[Spellyans] KK ha'n SWF - pronunciation - re DG

Penny Squire pennysquire at ymail.com
Sat Aug 9 12:31:00 IST 2008


Many thanks, Jan, for bringing this to our attention. I have only listened to it once through, but when I have time I will study it properly and make some notes on his pronunciation.

Yes, Craig, Dick Gendall certainly gallops through the story in fine style - he is a natural storyteller, and he tells it in a very lively fashion.

Having said that, even from a single viewing it is obvious that he has learned the story by heart - few people could read a piece, cold, at that speeed in their first language . So, in itself, it can't indicate anything about his abilites in spontaneous speech. I'm not knocking him, but it is a fact.

When my brother was at school his class learned the Chinese national anthem by heart and sang it at the school concert, and as they ended it an enormous Communist flag rolled down behind them as a backdrop. (They did it to wind up the Head, who was known to be a member of the Conservative Party!) They had got one of the staff at the local Chinese restaurant to record it, and they all got it off by heart and it sounded totally convincing especially as none of the audience spoke Chinese. But - none of those who sang could speak a word of conversational Chinese.

As I say, I'm not at all knocking Dick Gendall, and I haven't heard him speak spontaneously and you have, but comparing recordings of very well rehearsed tours de force with cold readings and spontaneous conversation has limited value for the purpose of comparison and can be totally misleading.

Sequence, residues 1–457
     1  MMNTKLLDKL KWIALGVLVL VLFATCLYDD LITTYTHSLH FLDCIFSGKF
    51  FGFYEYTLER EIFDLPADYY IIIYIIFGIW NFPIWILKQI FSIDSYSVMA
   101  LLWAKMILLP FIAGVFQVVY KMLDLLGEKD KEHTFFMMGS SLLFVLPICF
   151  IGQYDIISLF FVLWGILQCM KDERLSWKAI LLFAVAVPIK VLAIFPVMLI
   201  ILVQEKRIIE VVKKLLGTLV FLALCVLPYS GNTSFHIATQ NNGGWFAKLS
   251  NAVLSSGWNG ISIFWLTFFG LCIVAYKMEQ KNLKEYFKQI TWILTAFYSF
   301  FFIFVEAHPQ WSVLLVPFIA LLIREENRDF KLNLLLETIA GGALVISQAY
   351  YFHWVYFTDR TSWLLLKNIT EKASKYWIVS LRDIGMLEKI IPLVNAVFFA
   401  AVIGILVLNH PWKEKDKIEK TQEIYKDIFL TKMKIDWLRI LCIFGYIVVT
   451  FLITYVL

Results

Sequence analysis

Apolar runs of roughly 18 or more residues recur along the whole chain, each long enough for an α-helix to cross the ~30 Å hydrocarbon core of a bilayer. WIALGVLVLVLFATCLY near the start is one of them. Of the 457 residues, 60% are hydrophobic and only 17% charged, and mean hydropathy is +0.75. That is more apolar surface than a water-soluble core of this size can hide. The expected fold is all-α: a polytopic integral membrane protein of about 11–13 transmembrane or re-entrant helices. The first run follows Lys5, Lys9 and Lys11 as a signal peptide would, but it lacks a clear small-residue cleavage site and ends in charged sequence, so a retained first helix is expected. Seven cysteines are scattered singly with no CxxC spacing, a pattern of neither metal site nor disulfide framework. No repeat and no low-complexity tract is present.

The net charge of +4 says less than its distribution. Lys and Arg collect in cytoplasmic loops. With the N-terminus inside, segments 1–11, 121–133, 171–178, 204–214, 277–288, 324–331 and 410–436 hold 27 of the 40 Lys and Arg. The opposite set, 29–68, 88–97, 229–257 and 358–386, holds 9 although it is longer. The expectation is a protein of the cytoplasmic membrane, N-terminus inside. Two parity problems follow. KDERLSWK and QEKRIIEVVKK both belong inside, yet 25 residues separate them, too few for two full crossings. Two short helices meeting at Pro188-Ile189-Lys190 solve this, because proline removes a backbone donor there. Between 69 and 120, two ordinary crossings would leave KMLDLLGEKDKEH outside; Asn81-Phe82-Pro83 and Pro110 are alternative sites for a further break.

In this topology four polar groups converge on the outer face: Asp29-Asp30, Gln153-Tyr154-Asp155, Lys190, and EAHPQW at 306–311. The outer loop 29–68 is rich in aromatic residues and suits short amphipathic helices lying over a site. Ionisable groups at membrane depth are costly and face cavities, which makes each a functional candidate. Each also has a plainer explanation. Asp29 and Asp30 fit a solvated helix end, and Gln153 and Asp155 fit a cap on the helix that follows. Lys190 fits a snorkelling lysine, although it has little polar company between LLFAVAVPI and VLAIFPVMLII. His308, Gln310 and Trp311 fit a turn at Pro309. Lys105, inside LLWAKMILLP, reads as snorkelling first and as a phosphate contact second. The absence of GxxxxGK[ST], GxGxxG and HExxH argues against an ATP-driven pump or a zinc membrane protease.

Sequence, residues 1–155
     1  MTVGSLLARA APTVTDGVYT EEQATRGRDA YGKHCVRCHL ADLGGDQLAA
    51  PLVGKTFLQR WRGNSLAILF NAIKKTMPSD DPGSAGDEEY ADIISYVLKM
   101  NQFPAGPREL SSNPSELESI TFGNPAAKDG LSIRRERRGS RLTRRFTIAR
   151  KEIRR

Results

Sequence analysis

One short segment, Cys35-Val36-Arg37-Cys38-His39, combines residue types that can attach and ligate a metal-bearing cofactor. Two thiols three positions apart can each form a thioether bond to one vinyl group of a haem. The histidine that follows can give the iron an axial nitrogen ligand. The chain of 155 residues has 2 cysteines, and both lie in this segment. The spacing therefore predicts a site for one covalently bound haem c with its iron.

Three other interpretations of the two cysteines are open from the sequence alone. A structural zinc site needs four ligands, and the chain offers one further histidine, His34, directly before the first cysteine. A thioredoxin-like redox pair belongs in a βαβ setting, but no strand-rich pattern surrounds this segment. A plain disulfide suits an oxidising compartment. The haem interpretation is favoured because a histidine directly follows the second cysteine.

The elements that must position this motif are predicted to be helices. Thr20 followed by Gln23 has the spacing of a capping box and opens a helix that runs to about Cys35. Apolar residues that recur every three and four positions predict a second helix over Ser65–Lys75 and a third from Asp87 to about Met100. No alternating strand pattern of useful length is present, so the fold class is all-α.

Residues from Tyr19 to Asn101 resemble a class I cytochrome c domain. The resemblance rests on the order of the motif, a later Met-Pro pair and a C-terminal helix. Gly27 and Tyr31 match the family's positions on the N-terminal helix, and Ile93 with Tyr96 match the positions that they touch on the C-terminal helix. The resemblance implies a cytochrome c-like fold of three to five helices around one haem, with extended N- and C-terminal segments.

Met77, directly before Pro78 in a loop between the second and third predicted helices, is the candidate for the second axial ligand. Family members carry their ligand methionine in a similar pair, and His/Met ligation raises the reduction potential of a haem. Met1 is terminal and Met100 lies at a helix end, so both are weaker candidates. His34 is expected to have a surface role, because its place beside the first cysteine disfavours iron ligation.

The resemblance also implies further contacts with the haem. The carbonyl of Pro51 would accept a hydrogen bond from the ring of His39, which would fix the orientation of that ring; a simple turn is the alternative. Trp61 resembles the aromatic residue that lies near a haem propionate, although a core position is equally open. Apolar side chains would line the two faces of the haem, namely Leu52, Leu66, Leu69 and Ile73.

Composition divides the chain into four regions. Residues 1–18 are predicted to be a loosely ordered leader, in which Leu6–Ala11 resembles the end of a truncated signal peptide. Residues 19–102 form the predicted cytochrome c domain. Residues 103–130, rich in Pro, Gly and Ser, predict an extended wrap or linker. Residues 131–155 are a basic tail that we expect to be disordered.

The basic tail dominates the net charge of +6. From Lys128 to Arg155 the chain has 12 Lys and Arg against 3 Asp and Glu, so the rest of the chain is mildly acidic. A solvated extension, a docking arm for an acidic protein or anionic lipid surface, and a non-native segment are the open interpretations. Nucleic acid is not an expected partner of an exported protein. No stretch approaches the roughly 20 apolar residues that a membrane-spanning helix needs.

Thinking in Cornish: I've seen plenty of people do this at the Kowethas events I've attended - it is impossible to be fluent if you can't, but again, if we are arguing about pronunciation, it tells us nothing.  One can be fluent in a language and still have poor pronunciation.

Penny


From: Craig Weatherhill <weatherhill at freenet.co.uk>

I never knew that was on Youtube.  If anyone was ever in any doubt the 
most fluent speaker of Cornish alive today is Dick Gendall, then this 
must surely convince you.  He's in his 80s now, but he started to learn 
the language when he was 4.   This man can THINK in Cornish.  I have 
seen him do this in front of an audience with not a scrap of paper in 
front of him.  For me, at least, THIS is Cornish as it should be 
spoken.  Remember the descriptions of the spoken Cornish from years when 
it was still a community vernacular.

"Lively and manly spoken" - William Scawen (c. 1680)

"Spoken rapidly" - Don Antonio Ortes (1600) [coming from a Spaniard, 
that must be taken seriously!]

This clip shows extremely well what these two gentlemen were 
describing.  Now, compare this to the KK speakers on the Youtube menu. 
(Well, you can't.  There's no comparison whatsoever).

Craig


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